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Secondary/outside of missions - Hammershot in BSUK MK4 Holster or Strongarm.
Multi

well fed zombie

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« Reply #4 on: March 19, 2014, 11:16:58 AM »

Sounds like this is a harder decision to make than I thought...
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Primary: Akimbo Stryfes
Sidearm: Triad
Equipment: Lots and lots of darts and socks
torukmakto4

DANGER - Stored Energy

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« Reply #5 on: March 19, 2014, 12:25:48 PM »

Terminating the human that will most damage the Resistance by their absence is only half the situation. The other concern is creating a zombie that will most benefit the Horde by their presence. Below I make reference to the OP descriptions of the 4 humans that may be tagged.

Human A is who I would expect most zeds to want to kill most. He certainly appears to be a competent player, and as the only one of the four who is Doing It Right as a classical infantryman, he has the greatest value to the humans in most common endgame type situations, large firefights. He has the highest numerical killing power and is a visible icon whose loss will squash morale in most less organized and trained bands of humans. However, assuming this is a typical player of this type, he doesn't present anything but a classical threat, and most important, this type of player is almost certainly a career human who is an incompetent zombie.

Humans B and D are more likely to be well-rounded players, and are filling roles typically occupied by the longest-serving veterans in a game with the greatest and most balanced skill sets unrelated to a specific purpose like weapons. As mentioned before, their human roles require zombie-applicable skills, and these players are likely to have zombie experience and general strategic know-how that could add greatly to the Horde. As humans they may contribute more heavily to unconventional combat, become critical when stealth, speed, scouting, CQB skirmishing with high efficiency, and precision action are required (while the likes of Human A don't accomplish much or become a resource hog) and act as a very serious thorn in the side, but they are not a large-scale threat as individuals to most Hordes.

Human C is a non-consideration from the standpoint of eliminating human forces; likely he is an apathetic or unskilled player, and is at least currently an ineffective player by means of the choice of weapon. He is not worth wasting the tag on simply to kill, but he is an unknown quantity with respect to zombiehood. He may be a career zombie who is currently a casual human, and may in fact have the highest strategic value of the four when dead. Or he could be a total noob. It's hard to say.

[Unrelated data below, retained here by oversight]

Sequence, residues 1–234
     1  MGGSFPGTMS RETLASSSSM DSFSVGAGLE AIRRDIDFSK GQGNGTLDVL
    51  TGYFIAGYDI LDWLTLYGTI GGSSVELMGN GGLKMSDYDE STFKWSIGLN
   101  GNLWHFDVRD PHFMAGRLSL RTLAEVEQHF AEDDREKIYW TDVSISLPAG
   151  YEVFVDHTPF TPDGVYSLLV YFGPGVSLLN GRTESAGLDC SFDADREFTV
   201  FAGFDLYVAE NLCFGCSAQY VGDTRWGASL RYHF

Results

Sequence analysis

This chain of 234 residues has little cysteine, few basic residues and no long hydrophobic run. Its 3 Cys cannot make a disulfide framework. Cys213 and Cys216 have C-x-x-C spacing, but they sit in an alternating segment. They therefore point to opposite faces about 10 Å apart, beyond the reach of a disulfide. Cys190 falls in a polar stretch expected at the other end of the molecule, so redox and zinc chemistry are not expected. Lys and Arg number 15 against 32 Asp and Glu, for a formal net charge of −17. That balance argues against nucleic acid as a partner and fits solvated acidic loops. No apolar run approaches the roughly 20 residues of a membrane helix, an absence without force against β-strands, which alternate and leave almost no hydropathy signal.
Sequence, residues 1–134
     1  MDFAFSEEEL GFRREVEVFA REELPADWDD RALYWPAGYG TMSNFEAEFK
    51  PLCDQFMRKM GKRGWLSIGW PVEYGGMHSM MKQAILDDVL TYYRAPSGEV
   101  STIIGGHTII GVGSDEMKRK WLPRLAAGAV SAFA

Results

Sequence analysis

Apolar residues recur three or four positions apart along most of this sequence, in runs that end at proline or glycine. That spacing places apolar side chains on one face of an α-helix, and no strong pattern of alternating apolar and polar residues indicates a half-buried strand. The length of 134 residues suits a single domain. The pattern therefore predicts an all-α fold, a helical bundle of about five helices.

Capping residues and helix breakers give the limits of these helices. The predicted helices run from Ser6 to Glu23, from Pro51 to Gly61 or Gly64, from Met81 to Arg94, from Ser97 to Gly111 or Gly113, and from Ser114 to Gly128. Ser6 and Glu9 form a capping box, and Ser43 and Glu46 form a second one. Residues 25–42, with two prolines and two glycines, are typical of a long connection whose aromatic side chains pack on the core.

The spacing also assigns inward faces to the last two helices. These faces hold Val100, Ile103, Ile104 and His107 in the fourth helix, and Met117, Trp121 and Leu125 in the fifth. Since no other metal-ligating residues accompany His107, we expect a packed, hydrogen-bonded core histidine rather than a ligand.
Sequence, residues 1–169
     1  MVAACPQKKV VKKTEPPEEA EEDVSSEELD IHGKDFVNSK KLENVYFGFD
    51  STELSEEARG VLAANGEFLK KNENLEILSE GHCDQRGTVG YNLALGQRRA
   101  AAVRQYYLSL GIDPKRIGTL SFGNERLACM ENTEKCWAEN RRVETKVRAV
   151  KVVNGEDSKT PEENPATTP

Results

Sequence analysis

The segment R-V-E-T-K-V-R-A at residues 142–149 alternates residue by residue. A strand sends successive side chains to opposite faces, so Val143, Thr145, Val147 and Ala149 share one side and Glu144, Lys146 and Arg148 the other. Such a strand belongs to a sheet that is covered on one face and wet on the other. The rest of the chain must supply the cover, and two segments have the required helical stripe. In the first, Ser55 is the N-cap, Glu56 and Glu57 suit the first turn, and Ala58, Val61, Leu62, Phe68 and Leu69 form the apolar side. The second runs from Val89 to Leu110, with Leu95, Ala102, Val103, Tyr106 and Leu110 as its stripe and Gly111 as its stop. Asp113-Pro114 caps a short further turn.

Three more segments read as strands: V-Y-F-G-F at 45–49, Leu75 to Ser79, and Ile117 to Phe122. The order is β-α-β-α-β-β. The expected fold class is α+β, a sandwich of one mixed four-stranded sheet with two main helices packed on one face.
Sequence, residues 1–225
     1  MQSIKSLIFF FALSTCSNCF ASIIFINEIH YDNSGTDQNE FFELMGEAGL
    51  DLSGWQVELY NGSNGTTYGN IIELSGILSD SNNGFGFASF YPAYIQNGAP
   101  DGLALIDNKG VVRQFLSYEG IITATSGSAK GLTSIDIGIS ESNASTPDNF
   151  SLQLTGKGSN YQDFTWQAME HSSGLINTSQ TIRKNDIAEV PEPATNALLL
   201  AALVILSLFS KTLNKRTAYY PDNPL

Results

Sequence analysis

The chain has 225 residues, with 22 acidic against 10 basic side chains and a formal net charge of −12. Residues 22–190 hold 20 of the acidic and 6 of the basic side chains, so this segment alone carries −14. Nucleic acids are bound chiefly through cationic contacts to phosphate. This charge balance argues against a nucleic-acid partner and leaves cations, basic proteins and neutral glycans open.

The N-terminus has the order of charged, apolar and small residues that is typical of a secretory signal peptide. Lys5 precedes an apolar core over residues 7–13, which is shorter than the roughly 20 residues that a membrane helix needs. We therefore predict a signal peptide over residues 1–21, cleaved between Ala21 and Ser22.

Who you use your one tag on depends on the circumstances and gamestate. As far as human force elimination goes: Is there a problem with overly high survivability in large engagements, or are zeds being picked off sneakily and run circles around, or neither? And zombie-wise, is the horde hurting for numbers or in need of leadership or skill? Can a gamble be taken?

You could be tagging any one of the four, depending.
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Multi

well fed zombie

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« Reply #6 on: March 19, 2014, 01:33:12 PM »

Well said, everyone. The reason I left out descriptions of the actual people behind the weapons is because I didn't want it to factor in. Assume that they are all relatively the same-looking person with average athletics/leadership/experience.

There are 2 reasons I'm asking.
1. I want to be a better zombie, and I have found myself on both sides of the fence--tag the biggest weapon/tag the best potential zombie/tag the easiest for more numbers.

2. I want to start customizing my load out to appear less desirable to zombies (I'm actually really excited about this part).
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Primary: Akimbo Stryfes
Sidearm: Triad
Equipment: Lots and lots of darts and socks
Herbert West

Mad scientist

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« Reply #7 on: March 19, 2014, 02:48:59 PM »

Here is another factor to take into account: does your game feature starve timers?

At my last university, games ran for one week and a zombie would starve if they went more then 48 hours between kills (or assists). It was quite common for the vast bulk of the noob players to turn early in the game, and for large numbers of zombies (including some experienced zombies) to starve mid-game because all of the easy prey had been taken.

If Mr. Deploy is a noob, it may be a good idea to leave him alive just so that you can nab him later, when you need the feed.

Human A [...] doesn't present anything but a classical threat, and most important, this type of player is almost certainly a career human who is an incompetent zombie.